EPA's recently finalized Cross State Air Pollution Rule (CSAPR) regulates sulfur dioxide and nitrogen oxide emissions in 27 states that contribute to ozone and particulate matter pollution in downwind states. CSAPR's sulfur dioxide and annual nitrogen oxide emissions reductions become effective in January 2012 – only five short months away – and the second phase of sulfur dioxide reductions for Group 1 states begins in January 2014. This aggressive compliance schedule poses several challenges for the utility industry.

  • The sulfur dioxide and nitrogen oxide emissions reductions in CSAPR are significantly more stringent than those EPA proposed in the Clean Air Transport Rule (CATR). The lower emissions limits will be even more challenging for power plants to comply with on CSAPR's accelerated compliance schedule.
  • In order to make the emissions reductions, power plants will need to install expensive pollution control devices, such as flue gas desulfurization (FGD) and selective catalytic reduction (SCR) systems. These systems may take three years or more to install, particularly for facilities with multiple units. Given the time needed to install these pollution control devices, it may not be feasible for sources to timely achieve the required emissions reductions.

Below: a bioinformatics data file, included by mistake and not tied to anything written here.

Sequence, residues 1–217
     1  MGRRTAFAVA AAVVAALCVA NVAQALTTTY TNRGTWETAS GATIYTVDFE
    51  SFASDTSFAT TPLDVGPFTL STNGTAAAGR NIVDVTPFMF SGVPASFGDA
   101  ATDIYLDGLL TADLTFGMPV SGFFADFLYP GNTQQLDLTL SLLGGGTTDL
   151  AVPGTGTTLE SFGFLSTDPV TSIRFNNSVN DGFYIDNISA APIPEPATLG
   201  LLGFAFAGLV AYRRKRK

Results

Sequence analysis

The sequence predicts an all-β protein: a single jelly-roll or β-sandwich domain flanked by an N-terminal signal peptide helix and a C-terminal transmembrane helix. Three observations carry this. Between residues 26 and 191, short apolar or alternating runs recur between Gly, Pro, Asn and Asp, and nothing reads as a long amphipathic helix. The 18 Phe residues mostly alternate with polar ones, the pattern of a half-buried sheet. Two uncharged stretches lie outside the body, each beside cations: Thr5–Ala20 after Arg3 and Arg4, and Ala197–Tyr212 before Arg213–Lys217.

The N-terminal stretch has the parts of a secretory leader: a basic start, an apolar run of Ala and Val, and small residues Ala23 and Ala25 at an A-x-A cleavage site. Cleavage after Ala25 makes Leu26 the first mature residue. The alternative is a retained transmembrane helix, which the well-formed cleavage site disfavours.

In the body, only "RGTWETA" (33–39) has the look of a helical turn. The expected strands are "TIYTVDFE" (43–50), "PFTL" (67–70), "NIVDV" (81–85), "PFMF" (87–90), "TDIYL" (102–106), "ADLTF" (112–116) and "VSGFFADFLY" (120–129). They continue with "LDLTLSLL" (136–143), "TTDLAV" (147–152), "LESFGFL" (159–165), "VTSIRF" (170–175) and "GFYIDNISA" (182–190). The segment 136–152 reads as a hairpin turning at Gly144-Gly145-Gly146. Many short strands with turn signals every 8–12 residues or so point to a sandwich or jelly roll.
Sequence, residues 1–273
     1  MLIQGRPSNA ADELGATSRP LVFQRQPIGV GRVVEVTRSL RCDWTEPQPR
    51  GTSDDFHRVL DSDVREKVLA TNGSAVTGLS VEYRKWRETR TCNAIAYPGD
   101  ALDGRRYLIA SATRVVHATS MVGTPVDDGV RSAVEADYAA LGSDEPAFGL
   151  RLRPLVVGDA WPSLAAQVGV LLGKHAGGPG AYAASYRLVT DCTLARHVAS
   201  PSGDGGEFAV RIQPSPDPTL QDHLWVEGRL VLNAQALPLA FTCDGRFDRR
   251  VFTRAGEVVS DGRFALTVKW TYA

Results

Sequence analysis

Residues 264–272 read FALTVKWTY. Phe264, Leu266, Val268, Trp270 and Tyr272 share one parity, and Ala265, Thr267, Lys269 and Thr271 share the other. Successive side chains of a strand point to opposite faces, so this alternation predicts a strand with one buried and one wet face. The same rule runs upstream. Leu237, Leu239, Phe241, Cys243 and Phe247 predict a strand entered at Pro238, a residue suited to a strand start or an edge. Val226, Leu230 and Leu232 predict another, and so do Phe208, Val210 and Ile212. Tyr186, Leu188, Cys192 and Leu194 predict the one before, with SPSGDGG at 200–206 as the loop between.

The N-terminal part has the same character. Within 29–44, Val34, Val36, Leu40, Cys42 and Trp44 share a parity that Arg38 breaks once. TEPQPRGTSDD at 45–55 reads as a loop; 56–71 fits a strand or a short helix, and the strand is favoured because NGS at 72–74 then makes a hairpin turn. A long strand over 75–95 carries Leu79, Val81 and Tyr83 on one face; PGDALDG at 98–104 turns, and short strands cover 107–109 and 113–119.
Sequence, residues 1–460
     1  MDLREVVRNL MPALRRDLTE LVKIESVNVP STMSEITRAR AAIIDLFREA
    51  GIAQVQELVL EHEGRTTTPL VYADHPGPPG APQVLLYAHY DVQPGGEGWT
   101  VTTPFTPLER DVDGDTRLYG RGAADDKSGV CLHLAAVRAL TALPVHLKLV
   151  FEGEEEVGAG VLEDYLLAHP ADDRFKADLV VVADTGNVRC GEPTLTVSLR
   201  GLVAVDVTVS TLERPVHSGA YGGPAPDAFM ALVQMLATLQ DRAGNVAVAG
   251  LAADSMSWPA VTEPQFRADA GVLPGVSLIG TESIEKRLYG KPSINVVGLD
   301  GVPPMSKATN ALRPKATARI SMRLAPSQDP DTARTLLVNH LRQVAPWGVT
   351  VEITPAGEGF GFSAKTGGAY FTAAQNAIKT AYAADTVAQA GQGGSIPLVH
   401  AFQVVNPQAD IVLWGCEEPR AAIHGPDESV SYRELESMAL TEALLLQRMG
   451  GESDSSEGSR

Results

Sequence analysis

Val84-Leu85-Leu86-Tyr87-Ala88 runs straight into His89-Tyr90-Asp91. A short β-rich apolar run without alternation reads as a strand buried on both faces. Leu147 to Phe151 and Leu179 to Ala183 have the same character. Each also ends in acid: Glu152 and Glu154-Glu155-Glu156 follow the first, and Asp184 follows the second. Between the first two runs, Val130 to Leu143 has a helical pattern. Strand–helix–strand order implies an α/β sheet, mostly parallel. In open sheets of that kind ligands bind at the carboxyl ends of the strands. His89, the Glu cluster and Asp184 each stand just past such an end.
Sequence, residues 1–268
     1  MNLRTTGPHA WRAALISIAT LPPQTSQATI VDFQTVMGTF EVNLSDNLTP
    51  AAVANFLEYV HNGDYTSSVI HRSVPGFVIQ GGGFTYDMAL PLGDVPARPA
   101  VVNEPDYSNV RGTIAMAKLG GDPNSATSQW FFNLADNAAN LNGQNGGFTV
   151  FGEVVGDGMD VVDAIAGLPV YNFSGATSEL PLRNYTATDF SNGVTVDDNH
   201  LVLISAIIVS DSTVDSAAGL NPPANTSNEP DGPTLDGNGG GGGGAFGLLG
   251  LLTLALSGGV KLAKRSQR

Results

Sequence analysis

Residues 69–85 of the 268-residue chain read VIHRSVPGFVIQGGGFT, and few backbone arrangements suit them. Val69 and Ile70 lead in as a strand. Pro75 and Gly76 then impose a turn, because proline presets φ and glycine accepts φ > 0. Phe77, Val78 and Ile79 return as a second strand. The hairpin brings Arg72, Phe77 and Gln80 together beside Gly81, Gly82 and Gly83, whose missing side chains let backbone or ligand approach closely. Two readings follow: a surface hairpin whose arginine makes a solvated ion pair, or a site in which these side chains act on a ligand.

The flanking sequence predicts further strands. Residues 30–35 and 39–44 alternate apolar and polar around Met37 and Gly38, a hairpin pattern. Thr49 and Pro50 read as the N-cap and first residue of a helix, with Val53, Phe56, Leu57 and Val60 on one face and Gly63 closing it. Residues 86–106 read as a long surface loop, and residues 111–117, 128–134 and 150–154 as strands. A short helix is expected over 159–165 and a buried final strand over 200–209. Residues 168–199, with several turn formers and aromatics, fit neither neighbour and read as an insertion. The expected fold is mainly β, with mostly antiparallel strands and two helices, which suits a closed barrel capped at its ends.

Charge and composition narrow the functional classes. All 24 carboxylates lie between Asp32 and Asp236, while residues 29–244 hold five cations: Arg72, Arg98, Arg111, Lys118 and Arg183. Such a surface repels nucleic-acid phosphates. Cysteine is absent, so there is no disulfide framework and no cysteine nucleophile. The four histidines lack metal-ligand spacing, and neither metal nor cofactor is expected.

• The short timeframe for sources to achieve the CSAPR's emissions reductions will likely increase compliance costs. EPA estimates that power plants have already spent $1.6 billion to install pollution controls to meet the now vacated Clean Air Interstate Rule (CAIR). The additional costs of needing to quickly comply with CSAPR's emissions limits, which were more stringent than expected, increases the burden EPA's air transport rules have placed on the utility industry.
  • The costs of complying with CSAPR will be even higher for plants in states, such as Kansas, Oklahoma, and Nebraska, that were not included in the Clean Air Interstate Rule (CAIR). These plants may not able to comply with CSAPR's emission limits and have a lot of catching up to do in a very short time.
  • Sources in states, such as Texas, that were not included in the proposed CATR will also face challenges with complying with CSAPR on such short notice without the benefit of the last year to plan.
  • If facilities are unable to make emissions reductions before CSAPR's emission reductions become effective, the stiff penalties in CSAPR's assurance provision will apply in states that exceed their emissions allowances plus the variance limit.